“The Commission’s extensive investigation and commitment of resources in this matter reflects its dedication to ensuring that pharmaceutical markets are competitive and that consumers have access to innovative and affordable medications,” the FTC’s statement explained. “Although the Commission, based on the evidence gathered, determined that this transaction did not raise anticompetitive concerns in the markets for human pharmaceuticals, the Commission remains dedicated to ensuring that pharmaceutical markets are competitive. ”
According to the FTC’s complaint, Pfizer’s acquisition of Wyeth would violate federal law by reducing competition in several U.S. markets for the manufacture and sale of animal vaccines and animal pharmaceutical products. A description of each product, its uses, and the market shares held by Pfizer and Wyeth can be found in the Analysis to Aid Public Comment on the FTC consent order at http://www.ftc.gov/os/caselist/0910053/091014pwyethanal.pdf.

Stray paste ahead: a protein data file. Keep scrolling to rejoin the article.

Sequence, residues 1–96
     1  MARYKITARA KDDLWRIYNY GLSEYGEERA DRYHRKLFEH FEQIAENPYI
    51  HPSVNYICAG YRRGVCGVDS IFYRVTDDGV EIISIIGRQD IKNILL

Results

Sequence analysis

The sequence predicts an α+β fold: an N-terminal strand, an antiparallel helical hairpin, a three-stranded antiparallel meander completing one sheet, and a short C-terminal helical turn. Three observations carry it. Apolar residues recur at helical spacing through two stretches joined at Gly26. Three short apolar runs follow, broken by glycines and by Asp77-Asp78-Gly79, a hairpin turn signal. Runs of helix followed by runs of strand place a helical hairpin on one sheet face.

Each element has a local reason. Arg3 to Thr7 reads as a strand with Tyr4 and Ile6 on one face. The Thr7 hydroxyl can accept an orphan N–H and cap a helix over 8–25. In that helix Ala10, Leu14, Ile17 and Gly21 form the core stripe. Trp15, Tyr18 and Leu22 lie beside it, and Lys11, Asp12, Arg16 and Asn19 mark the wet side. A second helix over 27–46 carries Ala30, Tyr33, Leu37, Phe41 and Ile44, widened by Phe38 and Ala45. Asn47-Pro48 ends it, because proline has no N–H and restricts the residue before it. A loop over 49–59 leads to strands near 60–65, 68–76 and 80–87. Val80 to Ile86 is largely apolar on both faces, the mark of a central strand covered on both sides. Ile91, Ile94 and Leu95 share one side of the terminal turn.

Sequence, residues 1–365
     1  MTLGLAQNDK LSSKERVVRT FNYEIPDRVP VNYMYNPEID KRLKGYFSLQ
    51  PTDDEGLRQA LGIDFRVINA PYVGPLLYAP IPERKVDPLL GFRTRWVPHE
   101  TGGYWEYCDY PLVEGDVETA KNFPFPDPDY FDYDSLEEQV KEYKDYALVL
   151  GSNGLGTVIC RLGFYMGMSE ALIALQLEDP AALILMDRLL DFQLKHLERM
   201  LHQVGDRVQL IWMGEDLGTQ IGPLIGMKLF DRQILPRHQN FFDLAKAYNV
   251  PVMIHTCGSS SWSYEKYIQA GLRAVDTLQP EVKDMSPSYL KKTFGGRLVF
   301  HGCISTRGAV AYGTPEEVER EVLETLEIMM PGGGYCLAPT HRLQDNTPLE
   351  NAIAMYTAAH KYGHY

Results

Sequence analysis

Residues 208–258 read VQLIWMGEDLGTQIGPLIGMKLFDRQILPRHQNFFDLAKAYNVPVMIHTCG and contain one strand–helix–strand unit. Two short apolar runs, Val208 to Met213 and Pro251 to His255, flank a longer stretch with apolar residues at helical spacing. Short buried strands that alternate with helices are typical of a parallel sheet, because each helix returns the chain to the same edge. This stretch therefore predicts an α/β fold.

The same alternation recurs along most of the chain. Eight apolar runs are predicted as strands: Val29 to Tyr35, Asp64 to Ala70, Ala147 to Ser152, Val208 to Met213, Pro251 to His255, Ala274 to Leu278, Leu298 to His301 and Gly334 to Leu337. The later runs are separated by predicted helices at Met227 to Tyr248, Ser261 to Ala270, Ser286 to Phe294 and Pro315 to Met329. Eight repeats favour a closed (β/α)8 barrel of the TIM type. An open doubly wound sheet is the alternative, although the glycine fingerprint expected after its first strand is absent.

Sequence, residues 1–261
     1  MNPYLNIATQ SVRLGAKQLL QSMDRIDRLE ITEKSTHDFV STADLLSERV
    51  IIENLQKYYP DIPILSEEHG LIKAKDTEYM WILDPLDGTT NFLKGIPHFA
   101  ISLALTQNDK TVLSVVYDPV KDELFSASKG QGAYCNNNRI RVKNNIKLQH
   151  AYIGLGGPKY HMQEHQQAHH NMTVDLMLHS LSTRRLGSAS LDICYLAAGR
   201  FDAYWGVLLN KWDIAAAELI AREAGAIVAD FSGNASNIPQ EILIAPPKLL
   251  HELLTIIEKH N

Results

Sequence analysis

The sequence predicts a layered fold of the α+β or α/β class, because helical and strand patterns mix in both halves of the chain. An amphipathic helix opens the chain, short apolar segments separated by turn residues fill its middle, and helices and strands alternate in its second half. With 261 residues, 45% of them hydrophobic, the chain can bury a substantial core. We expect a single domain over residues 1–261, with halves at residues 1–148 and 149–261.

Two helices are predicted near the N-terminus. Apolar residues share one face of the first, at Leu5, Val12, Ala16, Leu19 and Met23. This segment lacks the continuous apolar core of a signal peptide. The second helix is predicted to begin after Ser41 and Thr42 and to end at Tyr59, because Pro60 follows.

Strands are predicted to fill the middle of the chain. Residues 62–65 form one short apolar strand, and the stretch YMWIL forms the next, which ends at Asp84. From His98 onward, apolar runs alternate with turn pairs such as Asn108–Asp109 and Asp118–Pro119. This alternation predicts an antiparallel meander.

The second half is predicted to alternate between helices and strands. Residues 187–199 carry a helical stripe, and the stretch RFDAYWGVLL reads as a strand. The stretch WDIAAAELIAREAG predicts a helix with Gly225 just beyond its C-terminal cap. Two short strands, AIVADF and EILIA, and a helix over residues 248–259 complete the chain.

The complaint charges that the proposed transaction likely would harm competition in each of the relevant markets by reducing the number of suppliers and leaving veterinarians and other animal health product customers with limited options. Without the competition provided by Pfizer and Wyeth in these markets, customers are more likely to see prices rise, according to the complaint. The complaint further alleges that the entry of new competitors in these markets would not be timely, likely, nor sufficient to offset the loss of competition, and that the transaction would increase the likelihood that Pfizer could act on its own or with other companies to raise prices.